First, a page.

insulin, glulisine, human (generic name)
This medicine lowers the amount of sugar in your blood
(IN su lin; GLOO lis een)
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What should I watch for while using this medicine?Visit your health care professional or doctor for regular checks on your progress. To control your diabetes you must use this medicine regularly and follow a diet and exercise schedule. Checking and recording your blood sugar and urine ketone levels regularly is important. Use a blood sugar measuring device before you treat high or low blood sugar.
Always carry a quick-source of sugar with you in case you have symptoms of low blood sugar. Examples include hard sugar candy or glucose tablets. Make sure family members know that you can choke if you eat or drink when you develop serious symptoms of low blood sugar, such as seizures or unconsciousness. They must get medical help at once.
Make sure that you have the right kind of syringe for the type of insulin you use. Try not to change the brand and type of insulin or syringe unless your health care professional or doctor tells you to. Switching insulin brand or type can cause dangerously high or low blood sugar. Always keep an extra supply of insulin, syringes, and needles on hand. Use a syringe one time only. Throw away syringe and needle in a closed container to prevent accidental needle sticks.
Insulin pens and cartridges should never be shared. Sharing may result in passing of viruses like hepatitis or HIV.
Wear a medical identification bracelet or chain to say you have diabetes, and carry a card that lists all your medications.
Many nonprescription cough and cold products contain sugar or alcohol. These can affect diabetes control or can alter the results of tests used to monitor blood sugar. Avoid alcohol. Avoid products that contain alcohol or sugar.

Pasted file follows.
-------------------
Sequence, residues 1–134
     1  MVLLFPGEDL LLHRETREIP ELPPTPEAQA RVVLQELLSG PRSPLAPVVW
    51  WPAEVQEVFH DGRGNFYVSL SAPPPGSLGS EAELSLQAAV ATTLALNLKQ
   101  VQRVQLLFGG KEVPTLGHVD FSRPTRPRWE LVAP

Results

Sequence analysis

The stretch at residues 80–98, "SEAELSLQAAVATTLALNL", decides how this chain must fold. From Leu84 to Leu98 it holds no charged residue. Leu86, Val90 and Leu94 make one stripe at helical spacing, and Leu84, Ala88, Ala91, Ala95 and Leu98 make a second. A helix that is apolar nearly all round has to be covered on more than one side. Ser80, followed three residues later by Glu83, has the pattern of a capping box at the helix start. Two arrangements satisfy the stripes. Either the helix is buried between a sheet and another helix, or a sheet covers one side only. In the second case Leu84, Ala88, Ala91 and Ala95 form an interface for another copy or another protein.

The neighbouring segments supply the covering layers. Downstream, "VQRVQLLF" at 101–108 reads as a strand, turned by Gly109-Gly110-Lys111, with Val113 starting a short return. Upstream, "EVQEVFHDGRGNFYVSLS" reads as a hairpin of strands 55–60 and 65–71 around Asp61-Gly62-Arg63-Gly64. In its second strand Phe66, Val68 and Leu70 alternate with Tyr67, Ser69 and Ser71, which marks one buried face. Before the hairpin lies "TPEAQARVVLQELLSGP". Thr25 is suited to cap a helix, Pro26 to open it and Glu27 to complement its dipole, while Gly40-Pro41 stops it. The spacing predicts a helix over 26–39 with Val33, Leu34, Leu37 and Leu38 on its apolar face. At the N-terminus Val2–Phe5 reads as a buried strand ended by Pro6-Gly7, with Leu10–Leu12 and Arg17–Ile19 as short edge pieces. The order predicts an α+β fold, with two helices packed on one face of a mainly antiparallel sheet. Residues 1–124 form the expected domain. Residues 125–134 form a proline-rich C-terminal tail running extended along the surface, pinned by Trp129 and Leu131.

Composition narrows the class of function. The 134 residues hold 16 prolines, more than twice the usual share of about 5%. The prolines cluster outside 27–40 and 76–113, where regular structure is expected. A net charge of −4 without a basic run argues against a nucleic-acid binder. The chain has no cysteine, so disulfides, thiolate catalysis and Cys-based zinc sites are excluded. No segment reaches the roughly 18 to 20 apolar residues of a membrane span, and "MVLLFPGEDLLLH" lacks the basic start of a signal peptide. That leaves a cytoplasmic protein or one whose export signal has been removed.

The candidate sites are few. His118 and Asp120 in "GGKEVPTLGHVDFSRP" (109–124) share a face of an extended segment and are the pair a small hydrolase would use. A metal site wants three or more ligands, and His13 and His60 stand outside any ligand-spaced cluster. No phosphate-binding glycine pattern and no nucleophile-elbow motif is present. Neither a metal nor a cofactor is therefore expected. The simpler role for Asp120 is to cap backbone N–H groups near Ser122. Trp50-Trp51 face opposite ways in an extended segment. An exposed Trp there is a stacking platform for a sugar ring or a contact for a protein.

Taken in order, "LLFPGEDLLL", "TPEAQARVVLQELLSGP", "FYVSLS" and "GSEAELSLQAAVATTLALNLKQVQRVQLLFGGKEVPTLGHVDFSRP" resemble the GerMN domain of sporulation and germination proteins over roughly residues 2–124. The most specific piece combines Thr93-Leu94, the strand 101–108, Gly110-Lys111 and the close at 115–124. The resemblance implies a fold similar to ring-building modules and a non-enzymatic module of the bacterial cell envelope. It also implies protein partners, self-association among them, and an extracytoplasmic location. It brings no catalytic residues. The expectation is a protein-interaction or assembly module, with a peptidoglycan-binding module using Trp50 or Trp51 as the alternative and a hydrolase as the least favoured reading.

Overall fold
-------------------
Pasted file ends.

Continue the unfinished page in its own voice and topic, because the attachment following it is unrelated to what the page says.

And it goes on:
What side effects may I notice from receiving this medicine?Side effects that you should report to your health care professional or doctor as soon as possible:
Symptoms of low blood sugar:
Symptoms of high blood sugar:
Insulin also can cause rare but serious allergic reactions in some patients, including:
Side effects that usually do not require medical attention (report to your health care professional or doctor if they continue or are bothersome):
Where should I keep my medicine?Keep out of the reach of children.
Store unopened insulin vials in a refrigerator between 2 and 8 degrees C (36 and 46 degrees F). Do not freeze or use if the insulin has been frozen. Opened vials (vials currently in use) may be stored in the refrigerator or at room temperature, below 25 degrees C (77 degrees F). Keeping your insulin at room temperature decreases the amount of pain during injection. Once opened, your insulin can be used for 28 days. After 28 days, the vial of insulin should be thrown away.
Protect from light and excessive heat. Throw away any unused medicine after the expiration date or after the specified time for room temperature storage has passed.
Remember, keep this and all other medicines out of the reach of children, never share your medicines with others, and use this medication only for the indication prescribed.